CROCHET HOME: Vicki Weeks and Lisa Burgess are the masterminds behind this patchwork caravan.
CROCHET HOME: Vicki Weeks and Lisa Burgess are the masterminds behind this patchwork caravan. Molly Glassey

How to crochet a caravan

IT'S no easy feat covering a tree in crochet, but decking out a caravan is a completely different story.

Sisters Vicki Weeks and Lisa Burgess can confirm it's a tough job, but the end result makes the hard yards all worth it.

"It's been amazing to see people line up and have their photo taken with it," Ms Burgess said.

Earlier this year, the two sisters hatched a plan to yarn bomb Lisa's 1960s Sunliner caravan, affectionately known as The Egg.

"We thought we would dress it up for winter," Mrs Burgess laughed.

The sisters have owned the caravan for four years, but only started their Egg Bomb Project in February.

"We had always eyed the caravan off," Ms Burgess said.

"We knew the owner, and then one day we asked if she'd be willing to sell, and now its ours."

Ms Burgess' partner went about ensuring the caravan would be mechanically sound, and Mrs Weeks got her crochet hook clicking to start the process of blanketing the vehicle in yarn.

"I had a Facebook group with my crocheting friends, and called on them to help," Mrs Weeks explained.

And help they did!

Crochet patches were posted from across Australia to cover the caravan, with neither sister knowing exactly how many now cover their project.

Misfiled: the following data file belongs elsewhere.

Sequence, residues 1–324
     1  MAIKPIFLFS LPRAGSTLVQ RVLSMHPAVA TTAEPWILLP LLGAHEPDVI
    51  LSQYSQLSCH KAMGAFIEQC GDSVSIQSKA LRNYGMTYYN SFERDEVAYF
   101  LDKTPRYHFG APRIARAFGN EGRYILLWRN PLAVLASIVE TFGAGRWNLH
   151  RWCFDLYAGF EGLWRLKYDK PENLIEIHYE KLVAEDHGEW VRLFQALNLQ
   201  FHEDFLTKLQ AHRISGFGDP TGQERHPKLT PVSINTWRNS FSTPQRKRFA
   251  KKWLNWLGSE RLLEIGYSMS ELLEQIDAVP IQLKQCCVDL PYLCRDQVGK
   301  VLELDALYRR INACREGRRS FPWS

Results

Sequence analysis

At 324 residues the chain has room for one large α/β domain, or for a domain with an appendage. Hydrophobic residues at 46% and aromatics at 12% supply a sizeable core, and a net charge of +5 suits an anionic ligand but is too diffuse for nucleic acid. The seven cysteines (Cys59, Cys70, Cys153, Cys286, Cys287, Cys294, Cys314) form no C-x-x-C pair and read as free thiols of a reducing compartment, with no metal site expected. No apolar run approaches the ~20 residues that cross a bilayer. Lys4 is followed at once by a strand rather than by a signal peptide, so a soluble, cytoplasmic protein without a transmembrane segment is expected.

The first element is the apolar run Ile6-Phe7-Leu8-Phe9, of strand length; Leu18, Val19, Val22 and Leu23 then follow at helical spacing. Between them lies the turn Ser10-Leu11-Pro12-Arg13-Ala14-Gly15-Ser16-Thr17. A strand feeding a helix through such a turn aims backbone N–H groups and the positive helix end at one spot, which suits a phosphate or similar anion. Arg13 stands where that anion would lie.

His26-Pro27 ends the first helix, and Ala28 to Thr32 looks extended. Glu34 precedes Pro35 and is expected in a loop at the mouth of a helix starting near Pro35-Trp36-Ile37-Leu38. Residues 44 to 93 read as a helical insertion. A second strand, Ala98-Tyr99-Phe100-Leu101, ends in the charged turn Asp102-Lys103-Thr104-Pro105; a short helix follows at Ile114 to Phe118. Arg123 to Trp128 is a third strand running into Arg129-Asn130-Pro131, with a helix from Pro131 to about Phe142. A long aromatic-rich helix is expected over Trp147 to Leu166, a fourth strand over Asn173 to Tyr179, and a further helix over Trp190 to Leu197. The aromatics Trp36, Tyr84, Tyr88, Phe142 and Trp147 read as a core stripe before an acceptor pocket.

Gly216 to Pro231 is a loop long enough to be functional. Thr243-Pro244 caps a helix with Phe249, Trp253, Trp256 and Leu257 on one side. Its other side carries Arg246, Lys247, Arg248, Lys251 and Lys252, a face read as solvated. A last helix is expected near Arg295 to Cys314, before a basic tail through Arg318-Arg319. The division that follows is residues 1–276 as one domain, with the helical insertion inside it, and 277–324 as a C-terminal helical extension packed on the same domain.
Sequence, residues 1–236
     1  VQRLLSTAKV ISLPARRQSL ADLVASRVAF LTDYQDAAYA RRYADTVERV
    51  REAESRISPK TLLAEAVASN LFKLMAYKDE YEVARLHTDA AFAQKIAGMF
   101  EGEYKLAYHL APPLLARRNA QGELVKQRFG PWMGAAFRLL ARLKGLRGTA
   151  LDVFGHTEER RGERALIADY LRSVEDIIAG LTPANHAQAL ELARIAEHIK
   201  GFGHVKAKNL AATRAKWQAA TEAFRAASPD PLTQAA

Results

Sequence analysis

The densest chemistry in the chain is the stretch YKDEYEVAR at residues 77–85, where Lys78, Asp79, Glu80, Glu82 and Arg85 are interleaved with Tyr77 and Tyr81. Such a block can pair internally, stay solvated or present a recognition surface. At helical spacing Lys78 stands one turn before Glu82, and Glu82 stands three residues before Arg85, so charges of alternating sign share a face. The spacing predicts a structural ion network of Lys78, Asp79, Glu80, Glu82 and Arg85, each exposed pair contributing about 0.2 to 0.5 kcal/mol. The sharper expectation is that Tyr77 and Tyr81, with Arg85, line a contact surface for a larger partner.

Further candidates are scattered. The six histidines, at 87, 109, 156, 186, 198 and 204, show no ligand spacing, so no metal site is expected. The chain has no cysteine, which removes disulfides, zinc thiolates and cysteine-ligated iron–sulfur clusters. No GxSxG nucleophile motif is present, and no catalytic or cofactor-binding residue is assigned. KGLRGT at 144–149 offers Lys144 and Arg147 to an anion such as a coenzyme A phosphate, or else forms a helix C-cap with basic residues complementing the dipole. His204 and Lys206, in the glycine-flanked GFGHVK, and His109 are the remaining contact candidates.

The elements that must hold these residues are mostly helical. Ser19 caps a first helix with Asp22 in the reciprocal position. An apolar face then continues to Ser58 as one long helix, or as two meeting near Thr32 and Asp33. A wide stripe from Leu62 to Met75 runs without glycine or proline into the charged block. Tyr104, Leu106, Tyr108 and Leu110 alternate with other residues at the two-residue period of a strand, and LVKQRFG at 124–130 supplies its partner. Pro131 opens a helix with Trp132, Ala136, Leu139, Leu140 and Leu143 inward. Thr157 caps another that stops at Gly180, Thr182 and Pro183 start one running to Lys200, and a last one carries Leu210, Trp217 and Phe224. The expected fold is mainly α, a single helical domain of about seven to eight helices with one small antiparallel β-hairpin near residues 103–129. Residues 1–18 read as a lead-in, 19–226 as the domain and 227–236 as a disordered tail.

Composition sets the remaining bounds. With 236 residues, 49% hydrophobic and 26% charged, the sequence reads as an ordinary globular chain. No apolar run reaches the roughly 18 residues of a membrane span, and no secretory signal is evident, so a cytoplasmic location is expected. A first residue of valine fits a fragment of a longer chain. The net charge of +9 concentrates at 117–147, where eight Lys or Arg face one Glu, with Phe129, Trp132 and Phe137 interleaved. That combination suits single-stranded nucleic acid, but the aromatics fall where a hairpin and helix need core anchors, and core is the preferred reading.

"I know one piece has come from Indonesia," Ms Burgess said.

"That would have to be the furthest away."

The sisters were tasked with joining the the many hundreds of pieces together and dressing the egg.

"(Warwick Art Gallery director) Karina (Devine) found out a week before the festival what we were doing and asked us to come along," Ms Burgess said.

The sisters hope their Egg is a lasting project.

Ms Burgess letting on they would be hoping to do something bigger and better for next year's festival.

"I shouldn't say too much," Ms Burgess said.

"But the vehicle towing the caravan might have something to do with it."

Eventually the Egg will have to be stripped bare, but not until their future projects are complete, Ms Burgess said. "We will pull it a part and cut the cover up in to individual blankets," Ms Burgess said.

"Then we will donate them to aged-care homes in Warwick."

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